Some regional councils supply the trees. GW council staff often plant out large projects in their region. Some councils contract nurseries to grow stock for landowners. GW owns a nursery, Akura, which has a wide range of trees available for sale to the public. Its staff is extremely knowledgeable about which varieties grow best in local conditions. Some councils accept applications only once or twice a year; others accept them year-round.
It’s worth knowing your local regional council’s adviser. Even if your plans don’t meet funding criteria, they’re an excellent source of local advice and should know if you’re eligible for other funding schemes. Ask for your regional council’s (free) publications on trees to plant in your region. Climate and conditions in New Zealand vary a lot, and it’s important to get good local advice and examples.
We were fortunate to get a detailed analysis by Horizons staff of our 28ha. The resulting maps of our soil types and land classes are a goldmine of information, so don’t be afraid to ask regional council staff how they can help you.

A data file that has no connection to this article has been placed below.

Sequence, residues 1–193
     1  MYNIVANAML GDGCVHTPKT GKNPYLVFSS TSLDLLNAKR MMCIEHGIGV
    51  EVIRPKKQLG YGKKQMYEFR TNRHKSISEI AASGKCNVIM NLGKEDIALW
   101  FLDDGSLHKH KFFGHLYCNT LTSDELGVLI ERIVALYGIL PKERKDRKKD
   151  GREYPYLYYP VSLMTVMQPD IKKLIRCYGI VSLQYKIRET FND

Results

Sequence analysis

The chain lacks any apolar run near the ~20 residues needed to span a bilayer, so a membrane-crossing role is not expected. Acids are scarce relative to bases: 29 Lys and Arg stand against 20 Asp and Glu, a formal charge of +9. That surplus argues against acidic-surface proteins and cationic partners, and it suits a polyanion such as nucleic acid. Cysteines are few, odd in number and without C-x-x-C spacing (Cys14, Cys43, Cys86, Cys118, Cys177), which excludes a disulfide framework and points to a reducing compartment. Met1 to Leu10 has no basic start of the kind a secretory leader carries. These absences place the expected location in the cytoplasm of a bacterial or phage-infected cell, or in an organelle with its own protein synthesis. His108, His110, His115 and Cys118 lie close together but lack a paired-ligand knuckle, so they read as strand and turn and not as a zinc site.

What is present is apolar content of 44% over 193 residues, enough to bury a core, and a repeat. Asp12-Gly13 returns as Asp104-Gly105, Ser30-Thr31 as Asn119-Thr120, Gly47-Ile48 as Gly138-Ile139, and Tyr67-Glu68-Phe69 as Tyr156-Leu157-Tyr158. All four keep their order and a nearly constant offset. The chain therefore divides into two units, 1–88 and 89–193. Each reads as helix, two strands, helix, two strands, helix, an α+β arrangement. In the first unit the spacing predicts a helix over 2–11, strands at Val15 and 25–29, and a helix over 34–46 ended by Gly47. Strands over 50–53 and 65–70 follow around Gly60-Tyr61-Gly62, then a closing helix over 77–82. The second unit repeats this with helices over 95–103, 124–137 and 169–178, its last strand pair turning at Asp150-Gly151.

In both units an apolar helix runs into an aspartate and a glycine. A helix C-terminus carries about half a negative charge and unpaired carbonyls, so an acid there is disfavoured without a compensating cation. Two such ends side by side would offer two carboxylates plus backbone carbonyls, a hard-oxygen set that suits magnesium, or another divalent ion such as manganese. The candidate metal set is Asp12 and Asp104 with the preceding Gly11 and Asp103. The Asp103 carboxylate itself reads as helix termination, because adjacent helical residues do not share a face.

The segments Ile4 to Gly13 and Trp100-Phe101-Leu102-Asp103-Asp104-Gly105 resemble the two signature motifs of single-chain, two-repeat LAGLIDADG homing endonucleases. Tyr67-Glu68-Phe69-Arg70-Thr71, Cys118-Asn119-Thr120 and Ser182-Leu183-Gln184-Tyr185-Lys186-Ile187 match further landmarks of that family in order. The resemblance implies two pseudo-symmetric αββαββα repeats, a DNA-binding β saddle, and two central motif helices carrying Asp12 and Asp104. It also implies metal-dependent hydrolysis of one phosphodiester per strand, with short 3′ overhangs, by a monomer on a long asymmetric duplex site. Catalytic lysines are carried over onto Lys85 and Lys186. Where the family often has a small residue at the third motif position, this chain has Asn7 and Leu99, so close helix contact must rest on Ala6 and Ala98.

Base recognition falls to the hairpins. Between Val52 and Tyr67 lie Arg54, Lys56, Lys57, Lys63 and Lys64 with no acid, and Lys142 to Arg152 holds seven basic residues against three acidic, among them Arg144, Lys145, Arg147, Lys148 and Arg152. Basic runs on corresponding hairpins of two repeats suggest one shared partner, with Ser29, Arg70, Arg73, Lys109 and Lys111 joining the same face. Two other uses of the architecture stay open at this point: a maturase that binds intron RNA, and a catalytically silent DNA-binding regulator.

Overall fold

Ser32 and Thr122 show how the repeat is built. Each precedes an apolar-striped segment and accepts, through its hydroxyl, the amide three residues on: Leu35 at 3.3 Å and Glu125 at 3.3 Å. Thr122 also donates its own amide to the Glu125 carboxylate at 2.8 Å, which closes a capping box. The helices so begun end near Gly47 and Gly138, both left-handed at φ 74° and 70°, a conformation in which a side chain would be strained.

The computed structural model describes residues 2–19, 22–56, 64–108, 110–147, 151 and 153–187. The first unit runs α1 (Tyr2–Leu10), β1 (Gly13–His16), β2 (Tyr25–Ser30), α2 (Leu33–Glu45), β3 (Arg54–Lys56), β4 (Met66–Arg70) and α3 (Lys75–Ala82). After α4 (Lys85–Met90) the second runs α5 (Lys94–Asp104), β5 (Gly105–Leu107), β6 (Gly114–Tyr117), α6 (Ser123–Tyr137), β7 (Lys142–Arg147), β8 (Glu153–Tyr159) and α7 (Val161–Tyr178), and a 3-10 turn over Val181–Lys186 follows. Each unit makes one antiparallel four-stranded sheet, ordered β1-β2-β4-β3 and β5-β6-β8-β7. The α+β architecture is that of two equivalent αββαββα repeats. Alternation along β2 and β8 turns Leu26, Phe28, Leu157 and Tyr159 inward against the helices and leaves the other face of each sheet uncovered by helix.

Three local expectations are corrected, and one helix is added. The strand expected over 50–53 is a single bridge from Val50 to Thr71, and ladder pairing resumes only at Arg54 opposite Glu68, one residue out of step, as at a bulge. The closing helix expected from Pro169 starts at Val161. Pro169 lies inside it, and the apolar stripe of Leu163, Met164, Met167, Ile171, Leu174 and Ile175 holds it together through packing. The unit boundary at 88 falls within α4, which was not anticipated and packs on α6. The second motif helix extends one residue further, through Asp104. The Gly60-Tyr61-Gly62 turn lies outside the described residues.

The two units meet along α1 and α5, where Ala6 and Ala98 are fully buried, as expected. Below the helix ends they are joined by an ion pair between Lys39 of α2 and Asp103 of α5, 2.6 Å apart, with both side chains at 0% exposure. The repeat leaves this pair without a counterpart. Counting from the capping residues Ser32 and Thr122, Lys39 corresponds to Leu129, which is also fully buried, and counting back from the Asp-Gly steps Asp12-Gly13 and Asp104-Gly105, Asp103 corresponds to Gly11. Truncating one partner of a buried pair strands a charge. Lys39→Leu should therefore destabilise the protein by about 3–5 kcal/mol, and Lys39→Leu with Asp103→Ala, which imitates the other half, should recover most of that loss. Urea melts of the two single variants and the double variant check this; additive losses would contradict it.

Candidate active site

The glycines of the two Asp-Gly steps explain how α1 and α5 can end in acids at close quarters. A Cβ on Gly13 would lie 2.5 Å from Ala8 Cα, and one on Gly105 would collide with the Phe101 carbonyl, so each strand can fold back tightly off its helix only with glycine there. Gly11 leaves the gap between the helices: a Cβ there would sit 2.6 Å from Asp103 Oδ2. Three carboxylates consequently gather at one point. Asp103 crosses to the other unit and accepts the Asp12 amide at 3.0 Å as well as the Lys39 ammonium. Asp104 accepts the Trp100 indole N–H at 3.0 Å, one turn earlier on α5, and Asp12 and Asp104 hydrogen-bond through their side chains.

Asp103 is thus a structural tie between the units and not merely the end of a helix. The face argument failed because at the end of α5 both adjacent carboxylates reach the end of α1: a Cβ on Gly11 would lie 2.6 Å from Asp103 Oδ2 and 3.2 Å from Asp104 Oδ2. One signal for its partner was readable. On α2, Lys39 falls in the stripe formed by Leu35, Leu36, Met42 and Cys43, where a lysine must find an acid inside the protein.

If you want to plant a lot of trees, I highly recommend joining the NZ Farm Forestry Association and talking to its local branch members. We owe most of what we know to NZFFA’s written resources and the advice we’ve received from local members with many decades of practical experience.
GOOD REFERENCE WEBSITES
Eligibility criteria for 1BT — search for ‘direct grant one billion trees’
One Billion Trees FAQ — search ‘1BT fund FAQ’
The definition of a forest — search ‘1bt classifying land guide’ and then go to page 6 of the Guide to Classifying Land for Forestry in the Emissions Trading Scheme
Rachel’s tip: the secret to a successful project
Funding such as 1BT money is only useful if you really want to plant trees, have a good reason to do it, and – most importantly – passion.
Passion is crucial because you’re going to have to plant all the trees yourself, and possibly propagate them too. The forestry sector is busy and focused on planting giant-scale pine plantations so there’s no-one who’s going to do it for you.